Last year, the AL East was the most competitive division in baseball, with three of the AL’s six playoff teams coming out of that division, and the Orioles the best team to not make the postseason.
The best team in that best division, the New York Yankees went 99-63 in 2022, seven games ahead of top Wild Card seed Toronto (92-70) and thirteen ahead of the final playoff team, Tampa Bay, before getting swept in the ALCS by eventual World Series champs the Houston Astros. Although you could argue that each of these teams has gotten better this offseason, it’d be harder to argue that Toronto or Tampa Bay has done enough to close the gap with New York. That leaves the Dark Overlords as the presumptive AL East favorites.
Additions and Subtractions
The Yankees probably “added” more to their team this offseason by ponying up $360 million to extend reigning MVP Aaron Judge (10.6 WAR, 1.111 OPS last season) on a nine-year deal than any other move they could have conceivably made.
Their other big offseason move was to ink star pitcher Carlos Rodón to a six-year deal. Over the last two seasons, he’s fourth in ERA and first in FIP among starters with at least 300 innings.
The Yankees also brought back first baseman Anthony Rizzo (32 HR, .817 OPS) on a two-year deal worth $17 million per season. Gone, meanwhile, are outfielder Andrew Benintendi, who signed a five-year, $75 million deal with the White Sox, the age-defying Matt Carpenter, who elected free agency before signing a two-year deal with San Diego, starter Jameson Taillon (Cubs), and several former bullpen contributors: old Birdland friend Miguel Castro and seven-time All Star Aroldis Chapman, now on a one-year deal with Kansas City.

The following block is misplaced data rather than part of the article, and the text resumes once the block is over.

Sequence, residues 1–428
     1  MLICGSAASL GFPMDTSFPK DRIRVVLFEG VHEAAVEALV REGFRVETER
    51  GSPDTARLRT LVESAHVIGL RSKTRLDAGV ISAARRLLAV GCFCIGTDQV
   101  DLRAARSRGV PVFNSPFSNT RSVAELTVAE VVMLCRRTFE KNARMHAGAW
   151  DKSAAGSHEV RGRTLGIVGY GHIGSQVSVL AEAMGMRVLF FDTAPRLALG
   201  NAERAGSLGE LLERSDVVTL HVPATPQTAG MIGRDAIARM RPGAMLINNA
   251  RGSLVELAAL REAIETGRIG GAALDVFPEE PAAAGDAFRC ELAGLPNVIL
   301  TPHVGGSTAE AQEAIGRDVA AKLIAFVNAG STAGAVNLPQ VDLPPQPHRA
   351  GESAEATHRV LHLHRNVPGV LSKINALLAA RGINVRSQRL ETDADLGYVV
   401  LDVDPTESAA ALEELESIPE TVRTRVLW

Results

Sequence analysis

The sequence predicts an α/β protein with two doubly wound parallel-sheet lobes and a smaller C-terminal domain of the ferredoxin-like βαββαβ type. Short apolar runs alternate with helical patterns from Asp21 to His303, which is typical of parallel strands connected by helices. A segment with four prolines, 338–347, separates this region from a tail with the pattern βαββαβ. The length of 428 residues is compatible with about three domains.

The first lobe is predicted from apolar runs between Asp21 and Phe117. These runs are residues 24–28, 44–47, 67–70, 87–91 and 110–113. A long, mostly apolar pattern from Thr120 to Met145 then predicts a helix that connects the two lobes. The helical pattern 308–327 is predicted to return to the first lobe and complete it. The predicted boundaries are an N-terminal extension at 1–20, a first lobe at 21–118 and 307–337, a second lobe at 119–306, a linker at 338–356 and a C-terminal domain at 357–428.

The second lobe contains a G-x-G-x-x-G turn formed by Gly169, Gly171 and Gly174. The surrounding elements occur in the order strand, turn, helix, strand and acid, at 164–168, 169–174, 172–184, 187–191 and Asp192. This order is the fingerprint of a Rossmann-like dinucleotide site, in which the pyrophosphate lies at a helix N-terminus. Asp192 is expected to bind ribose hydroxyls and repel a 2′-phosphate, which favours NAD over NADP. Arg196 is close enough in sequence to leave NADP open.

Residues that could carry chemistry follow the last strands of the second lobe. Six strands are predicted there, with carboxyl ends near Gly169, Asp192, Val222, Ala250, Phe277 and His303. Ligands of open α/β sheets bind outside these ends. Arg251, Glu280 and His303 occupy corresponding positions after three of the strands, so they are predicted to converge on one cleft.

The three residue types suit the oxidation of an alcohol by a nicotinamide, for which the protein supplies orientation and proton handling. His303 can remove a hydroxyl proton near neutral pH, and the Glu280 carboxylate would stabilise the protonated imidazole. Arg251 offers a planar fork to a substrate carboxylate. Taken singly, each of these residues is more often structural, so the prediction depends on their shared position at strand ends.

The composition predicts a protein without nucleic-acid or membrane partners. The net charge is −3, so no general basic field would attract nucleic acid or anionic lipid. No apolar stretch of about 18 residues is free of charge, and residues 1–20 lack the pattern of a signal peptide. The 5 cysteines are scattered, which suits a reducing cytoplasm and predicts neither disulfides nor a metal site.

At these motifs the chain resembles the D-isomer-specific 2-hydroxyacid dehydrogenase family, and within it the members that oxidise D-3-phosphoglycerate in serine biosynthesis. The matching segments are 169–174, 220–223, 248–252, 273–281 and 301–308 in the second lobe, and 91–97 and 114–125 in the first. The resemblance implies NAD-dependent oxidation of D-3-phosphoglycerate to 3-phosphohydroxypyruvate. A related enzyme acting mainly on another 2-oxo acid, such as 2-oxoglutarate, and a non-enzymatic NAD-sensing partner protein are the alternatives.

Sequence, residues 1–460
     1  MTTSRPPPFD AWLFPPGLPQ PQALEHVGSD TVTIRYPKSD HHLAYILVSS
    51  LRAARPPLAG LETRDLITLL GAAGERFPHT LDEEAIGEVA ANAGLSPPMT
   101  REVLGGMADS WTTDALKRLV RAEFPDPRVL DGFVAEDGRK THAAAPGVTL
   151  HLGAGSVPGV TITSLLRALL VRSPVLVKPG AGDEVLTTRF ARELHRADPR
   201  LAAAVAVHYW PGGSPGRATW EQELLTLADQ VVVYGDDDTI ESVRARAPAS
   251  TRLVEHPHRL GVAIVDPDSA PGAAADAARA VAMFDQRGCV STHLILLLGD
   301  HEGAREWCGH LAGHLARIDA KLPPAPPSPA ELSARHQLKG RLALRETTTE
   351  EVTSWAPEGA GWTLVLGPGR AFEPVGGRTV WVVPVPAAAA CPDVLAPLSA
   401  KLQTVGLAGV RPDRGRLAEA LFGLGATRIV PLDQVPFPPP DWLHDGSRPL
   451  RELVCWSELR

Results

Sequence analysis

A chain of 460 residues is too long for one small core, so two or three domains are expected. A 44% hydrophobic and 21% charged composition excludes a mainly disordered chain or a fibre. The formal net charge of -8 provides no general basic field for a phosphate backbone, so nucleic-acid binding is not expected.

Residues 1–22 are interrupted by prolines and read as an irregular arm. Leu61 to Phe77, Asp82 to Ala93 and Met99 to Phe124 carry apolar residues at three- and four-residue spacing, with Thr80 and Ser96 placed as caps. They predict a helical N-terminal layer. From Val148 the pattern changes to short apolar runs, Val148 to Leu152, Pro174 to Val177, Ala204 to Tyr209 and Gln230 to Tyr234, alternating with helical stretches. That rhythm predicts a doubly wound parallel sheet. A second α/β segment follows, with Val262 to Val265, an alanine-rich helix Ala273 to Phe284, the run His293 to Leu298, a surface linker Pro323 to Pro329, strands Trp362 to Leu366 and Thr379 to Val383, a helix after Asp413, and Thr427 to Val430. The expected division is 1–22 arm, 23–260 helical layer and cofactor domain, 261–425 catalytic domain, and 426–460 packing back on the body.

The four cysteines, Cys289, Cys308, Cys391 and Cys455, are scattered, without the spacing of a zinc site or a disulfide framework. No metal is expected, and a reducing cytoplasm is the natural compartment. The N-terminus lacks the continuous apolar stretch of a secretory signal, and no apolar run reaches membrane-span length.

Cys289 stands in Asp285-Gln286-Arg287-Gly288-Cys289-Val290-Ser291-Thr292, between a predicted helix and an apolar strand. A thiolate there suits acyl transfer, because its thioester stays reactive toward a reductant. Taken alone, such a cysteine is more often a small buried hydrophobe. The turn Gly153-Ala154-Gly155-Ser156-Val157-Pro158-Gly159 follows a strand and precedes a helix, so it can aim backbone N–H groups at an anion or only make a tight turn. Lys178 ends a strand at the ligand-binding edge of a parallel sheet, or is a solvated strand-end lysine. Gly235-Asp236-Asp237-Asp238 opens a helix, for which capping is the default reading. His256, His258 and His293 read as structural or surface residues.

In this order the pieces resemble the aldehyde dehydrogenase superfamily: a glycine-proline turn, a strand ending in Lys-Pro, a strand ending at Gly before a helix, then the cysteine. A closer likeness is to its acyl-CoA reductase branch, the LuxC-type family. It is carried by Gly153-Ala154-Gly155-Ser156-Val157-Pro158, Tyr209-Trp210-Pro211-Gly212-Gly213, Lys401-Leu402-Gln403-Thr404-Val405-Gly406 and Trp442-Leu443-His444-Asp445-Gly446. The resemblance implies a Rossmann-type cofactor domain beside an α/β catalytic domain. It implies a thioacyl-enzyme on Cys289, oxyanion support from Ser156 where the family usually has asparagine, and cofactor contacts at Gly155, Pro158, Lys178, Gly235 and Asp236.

A starting rotation made up of Rodón, Gerrit Cole, Nester Cortes, Luis Severino and Frankie Montas, when healthy, is… really good.
It wasn’t like starting pitching was a weakness of this team. Last season, they finished with the fourth-best starter ERA in baseball (3.51), behind only Los Angeles, Houston and Tampa Bay. Instead of sitting on their laurels, they upgraded by signing Rodón, one of the best pitchers in the game right now. Unfortunately, the Yankees won’t get to take advantage of his talents until mid- to late-April, as he’s dealing with a forearm strain.
Still, Gerrit Cole remains one of MLB’s top starting pitchers, and one of the most durable: he’s second in innings among all starters since 2019, and was one of just eight starters to throw over 200 innings last year. Last season’s 3.47 FIP was a downer by his standards, but if Cole can stop serving up homers (1.5 HR/9) he’ll be more effective.
Luis Severino has ace-level stuff but has been injury-plagued. He’s thrown just 120 innings since 2019, 102 of which came in 2022, when he pitched to a 3.18 ERA. The question will be whether he can stay on the field over an entire season.
First-time All-Star in 2022 Nestor Cortes Jr. is doubly frustrating for the Orioles: first, because he put up a 7.71 ERA when he pitched for the team in 2018, and second, because last season the Orioles hit .156 against the crafty lefty. Last year was Cortes’ coming out party: he went 12-4 in 28 starts with a sparkling 2.44 ERA and a minuscule 0.922 WHIP. His sample size is still limited, but so far, there’s no evidence that hitters have figured him out.